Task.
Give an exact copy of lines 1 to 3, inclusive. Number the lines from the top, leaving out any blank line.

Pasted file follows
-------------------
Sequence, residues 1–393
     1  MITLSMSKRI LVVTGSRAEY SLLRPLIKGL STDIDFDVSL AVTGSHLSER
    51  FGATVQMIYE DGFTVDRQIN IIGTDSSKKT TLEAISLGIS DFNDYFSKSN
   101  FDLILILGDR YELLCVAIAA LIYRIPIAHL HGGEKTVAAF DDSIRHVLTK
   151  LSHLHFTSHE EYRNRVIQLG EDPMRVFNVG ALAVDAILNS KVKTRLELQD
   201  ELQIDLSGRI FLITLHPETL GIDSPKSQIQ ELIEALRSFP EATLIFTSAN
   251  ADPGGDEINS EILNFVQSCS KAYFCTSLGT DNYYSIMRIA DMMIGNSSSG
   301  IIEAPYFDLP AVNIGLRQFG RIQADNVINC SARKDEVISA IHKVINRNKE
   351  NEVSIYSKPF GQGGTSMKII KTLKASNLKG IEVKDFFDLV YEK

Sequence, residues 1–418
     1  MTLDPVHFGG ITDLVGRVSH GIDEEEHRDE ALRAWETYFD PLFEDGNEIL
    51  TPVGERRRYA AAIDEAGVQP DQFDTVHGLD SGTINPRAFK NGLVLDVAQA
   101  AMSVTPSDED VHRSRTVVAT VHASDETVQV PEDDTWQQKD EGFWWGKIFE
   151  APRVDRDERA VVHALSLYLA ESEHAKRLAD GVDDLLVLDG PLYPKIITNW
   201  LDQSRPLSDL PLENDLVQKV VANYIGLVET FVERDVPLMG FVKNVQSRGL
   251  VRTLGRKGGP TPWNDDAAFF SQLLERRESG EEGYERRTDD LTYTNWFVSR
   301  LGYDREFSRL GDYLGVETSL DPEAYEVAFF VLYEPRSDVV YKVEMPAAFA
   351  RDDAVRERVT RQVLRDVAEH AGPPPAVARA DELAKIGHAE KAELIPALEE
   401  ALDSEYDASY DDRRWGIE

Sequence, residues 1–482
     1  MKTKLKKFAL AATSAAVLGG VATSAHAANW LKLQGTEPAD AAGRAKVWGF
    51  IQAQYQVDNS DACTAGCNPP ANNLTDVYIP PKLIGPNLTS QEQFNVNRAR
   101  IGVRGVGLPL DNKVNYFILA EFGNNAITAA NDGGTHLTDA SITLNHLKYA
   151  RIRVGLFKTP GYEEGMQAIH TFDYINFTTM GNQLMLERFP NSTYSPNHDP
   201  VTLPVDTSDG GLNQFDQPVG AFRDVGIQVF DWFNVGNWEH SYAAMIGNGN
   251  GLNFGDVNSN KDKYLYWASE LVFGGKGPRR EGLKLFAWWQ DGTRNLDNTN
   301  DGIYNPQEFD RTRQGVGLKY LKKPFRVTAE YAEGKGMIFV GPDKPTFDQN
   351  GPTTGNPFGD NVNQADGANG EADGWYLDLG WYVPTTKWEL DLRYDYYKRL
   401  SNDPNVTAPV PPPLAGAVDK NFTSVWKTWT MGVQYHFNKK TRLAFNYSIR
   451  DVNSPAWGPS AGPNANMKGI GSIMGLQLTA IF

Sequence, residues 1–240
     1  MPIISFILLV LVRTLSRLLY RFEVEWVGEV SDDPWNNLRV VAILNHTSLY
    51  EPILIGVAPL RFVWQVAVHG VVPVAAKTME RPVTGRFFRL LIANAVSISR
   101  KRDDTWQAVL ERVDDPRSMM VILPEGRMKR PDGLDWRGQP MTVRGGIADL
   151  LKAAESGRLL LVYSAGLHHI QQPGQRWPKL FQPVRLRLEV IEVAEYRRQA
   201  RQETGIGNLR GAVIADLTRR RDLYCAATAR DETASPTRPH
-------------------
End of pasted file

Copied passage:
Sequence, residues 1–393
     1  MITLSMSKRI LVVTGSRAEY SLLRPLIKGL STDIDFDVSL AVTGSHLSER
    51  FGATVQMIYE DGFTVDRQIN IIGTDSSKKT TLEAISLGIS DFNDYFSKSN